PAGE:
The first step to rape kit reform is to ascertain the number of untested rape kits in the state. If a statewide count has not been completed, reform should start with a baseline audit—or inventory—to determine the number of untested rape kits that are in law enforcement facilities, hospitals, crime labs and any other rape kit storage facilities across the state. Once the number of untested rape kits in the state is known, transparency and accountability is established and planning for resource allocation and testing can begin.
Audit legislation should:
- Assign responsibility to one state agency for carrying out the audit. This can be the state crime lab, the Attorney General, the State Auditor or the Governor’s office;
- Mandate the audit be completed within 180 days;
- Describe the information to be included, such as the date each kit was collected and the reason it was not submitted to a crime lab for testing;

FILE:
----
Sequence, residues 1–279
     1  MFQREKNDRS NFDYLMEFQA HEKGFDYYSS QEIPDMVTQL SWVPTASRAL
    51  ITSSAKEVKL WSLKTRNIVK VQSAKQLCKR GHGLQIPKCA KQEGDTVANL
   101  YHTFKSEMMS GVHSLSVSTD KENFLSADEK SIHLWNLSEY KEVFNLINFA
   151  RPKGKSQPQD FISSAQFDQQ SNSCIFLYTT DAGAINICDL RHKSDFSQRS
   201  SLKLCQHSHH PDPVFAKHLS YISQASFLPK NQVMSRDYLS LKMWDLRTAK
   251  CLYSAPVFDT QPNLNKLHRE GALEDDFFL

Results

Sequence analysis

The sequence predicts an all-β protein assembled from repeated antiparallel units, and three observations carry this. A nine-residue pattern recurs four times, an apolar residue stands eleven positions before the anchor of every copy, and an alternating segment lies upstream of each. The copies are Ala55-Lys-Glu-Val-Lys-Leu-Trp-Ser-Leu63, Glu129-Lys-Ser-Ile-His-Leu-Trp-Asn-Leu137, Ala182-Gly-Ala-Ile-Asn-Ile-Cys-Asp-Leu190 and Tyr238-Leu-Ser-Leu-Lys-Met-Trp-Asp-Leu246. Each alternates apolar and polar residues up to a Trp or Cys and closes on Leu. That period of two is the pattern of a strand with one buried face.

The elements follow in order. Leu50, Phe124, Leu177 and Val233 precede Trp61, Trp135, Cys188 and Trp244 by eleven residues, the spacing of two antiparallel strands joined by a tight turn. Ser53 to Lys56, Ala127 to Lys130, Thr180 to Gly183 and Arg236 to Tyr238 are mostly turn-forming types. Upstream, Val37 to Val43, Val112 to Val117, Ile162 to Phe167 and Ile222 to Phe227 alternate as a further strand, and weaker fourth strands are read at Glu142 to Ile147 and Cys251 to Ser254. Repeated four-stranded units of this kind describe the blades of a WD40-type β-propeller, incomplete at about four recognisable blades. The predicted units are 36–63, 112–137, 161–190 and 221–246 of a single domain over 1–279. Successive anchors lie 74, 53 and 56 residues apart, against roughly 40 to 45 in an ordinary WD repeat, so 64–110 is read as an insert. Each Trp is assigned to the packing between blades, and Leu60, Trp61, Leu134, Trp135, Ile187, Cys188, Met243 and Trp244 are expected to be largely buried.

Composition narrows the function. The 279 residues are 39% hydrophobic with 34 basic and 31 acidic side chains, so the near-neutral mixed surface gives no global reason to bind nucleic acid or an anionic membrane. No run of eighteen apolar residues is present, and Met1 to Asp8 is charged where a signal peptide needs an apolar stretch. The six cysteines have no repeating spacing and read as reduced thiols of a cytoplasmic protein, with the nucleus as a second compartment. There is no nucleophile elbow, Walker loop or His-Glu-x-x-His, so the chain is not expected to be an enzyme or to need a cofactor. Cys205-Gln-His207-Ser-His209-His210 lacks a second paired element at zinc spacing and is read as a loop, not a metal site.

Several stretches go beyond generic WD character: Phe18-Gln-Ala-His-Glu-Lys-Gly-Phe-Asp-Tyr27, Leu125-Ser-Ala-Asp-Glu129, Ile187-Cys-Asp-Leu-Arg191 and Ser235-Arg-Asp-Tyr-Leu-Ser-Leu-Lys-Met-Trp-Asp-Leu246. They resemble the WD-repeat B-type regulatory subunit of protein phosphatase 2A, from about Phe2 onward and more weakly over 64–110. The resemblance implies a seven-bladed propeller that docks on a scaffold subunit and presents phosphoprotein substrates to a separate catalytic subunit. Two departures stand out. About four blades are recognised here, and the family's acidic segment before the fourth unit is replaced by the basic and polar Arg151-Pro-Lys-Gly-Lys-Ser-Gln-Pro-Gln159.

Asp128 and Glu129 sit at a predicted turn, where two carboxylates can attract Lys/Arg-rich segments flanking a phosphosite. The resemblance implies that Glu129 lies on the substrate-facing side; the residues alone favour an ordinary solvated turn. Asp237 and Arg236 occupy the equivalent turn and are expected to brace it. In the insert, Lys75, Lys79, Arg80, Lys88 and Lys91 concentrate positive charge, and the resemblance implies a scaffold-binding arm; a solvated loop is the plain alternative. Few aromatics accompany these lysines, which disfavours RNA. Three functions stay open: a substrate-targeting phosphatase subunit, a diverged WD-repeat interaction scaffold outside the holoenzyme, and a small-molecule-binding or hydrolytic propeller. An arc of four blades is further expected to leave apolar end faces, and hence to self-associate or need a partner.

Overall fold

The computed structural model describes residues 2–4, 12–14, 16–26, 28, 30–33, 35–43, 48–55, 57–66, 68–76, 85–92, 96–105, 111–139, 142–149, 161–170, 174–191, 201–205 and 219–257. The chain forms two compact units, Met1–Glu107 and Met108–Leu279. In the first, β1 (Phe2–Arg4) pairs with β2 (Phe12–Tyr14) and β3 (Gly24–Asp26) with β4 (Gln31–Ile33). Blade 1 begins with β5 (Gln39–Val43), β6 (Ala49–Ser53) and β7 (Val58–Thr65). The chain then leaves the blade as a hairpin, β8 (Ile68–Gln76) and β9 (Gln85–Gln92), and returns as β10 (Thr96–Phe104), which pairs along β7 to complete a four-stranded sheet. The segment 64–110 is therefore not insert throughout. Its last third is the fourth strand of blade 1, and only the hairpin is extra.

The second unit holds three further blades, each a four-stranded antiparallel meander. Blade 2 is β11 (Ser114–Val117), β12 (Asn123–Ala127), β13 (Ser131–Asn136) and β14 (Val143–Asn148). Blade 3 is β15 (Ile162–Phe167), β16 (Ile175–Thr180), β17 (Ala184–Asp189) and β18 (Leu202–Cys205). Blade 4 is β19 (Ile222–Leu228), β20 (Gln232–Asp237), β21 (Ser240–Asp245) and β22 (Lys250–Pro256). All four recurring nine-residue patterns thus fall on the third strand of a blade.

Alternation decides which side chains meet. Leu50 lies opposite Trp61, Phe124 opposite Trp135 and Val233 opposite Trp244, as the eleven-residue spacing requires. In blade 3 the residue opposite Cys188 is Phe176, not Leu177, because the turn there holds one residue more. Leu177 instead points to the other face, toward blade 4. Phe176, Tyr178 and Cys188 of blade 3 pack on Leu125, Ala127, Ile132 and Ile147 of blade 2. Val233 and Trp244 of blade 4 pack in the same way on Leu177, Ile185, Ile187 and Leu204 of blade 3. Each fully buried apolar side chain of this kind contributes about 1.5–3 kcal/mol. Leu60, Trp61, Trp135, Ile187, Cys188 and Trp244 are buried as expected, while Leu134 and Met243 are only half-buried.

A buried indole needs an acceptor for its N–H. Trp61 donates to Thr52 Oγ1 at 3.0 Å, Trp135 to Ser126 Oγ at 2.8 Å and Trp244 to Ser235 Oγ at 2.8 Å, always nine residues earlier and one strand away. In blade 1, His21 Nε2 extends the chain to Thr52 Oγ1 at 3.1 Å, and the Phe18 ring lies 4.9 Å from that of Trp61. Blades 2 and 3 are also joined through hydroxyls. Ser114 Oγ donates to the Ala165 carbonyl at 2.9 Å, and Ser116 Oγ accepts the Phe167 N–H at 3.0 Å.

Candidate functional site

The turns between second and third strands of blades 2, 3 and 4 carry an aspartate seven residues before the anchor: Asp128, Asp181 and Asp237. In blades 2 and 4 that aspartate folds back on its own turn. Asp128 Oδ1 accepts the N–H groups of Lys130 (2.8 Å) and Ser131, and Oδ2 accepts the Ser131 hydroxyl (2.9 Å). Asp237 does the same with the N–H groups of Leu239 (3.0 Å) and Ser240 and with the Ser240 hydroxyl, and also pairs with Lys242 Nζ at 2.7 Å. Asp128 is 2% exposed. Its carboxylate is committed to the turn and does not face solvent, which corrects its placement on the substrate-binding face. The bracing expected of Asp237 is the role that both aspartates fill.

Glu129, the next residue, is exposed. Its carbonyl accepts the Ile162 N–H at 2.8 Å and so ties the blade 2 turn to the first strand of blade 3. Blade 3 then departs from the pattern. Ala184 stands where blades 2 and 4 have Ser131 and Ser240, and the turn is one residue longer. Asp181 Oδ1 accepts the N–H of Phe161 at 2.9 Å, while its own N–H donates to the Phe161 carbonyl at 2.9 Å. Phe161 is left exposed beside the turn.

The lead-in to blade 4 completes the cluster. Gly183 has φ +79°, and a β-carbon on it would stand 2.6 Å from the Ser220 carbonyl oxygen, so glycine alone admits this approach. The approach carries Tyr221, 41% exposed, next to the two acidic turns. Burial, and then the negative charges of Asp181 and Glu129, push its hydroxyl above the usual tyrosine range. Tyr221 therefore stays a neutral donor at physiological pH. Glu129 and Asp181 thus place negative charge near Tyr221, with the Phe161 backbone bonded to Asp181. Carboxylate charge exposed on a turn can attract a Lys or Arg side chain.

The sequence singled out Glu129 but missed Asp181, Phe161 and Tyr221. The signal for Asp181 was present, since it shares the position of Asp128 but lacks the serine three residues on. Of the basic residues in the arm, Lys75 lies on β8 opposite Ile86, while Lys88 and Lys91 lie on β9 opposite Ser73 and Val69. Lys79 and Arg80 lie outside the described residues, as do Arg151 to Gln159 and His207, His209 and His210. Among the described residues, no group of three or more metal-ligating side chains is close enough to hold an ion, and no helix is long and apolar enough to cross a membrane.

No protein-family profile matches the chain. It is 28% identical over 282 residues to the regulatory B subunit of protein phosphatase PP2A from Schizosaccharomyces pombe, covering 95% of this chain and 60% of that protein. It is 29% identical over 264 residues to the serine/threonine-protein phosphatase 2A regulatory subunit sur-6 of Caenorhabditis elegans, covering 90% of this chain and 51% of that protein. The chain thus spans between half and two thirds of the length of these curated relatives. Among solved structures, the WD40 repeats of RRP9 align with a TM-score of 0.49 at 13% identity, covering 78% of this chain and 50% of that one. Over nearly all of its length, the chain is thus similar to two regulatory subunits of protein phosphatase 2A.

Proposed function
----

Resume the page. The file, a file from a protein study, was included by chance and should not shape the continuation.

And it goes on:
- Be clear that all untested rape kits in law enforcement’s possession must be counted, including kits past the statute of limitations;
- Specify that anonymous or unreported kits be counted separately;
- Require a final report of the results, including a list of any agencies that failed to participate in the audit, be sent to the state legislative bodies and governing officials and be made publicly available online;
- Include a plan for testing all previously untested kits, a budget request and next steps for action; and
- Mandate annual audits, with annual reports of the results to be made publicly available online.
States should mandate the implementation of a tracking system that can follow the path of a rape kit throughout the entire process: from the hospital, to the responding law enforcement agency, through the crime lab. The first step may be creating a multidisciplinary taskforce or workgroup comprised of law enforcement, crime lab personnel, prosecutors, victim advocates and Sexual Assault Forensic Examiners to develop recommendations for a tracking system.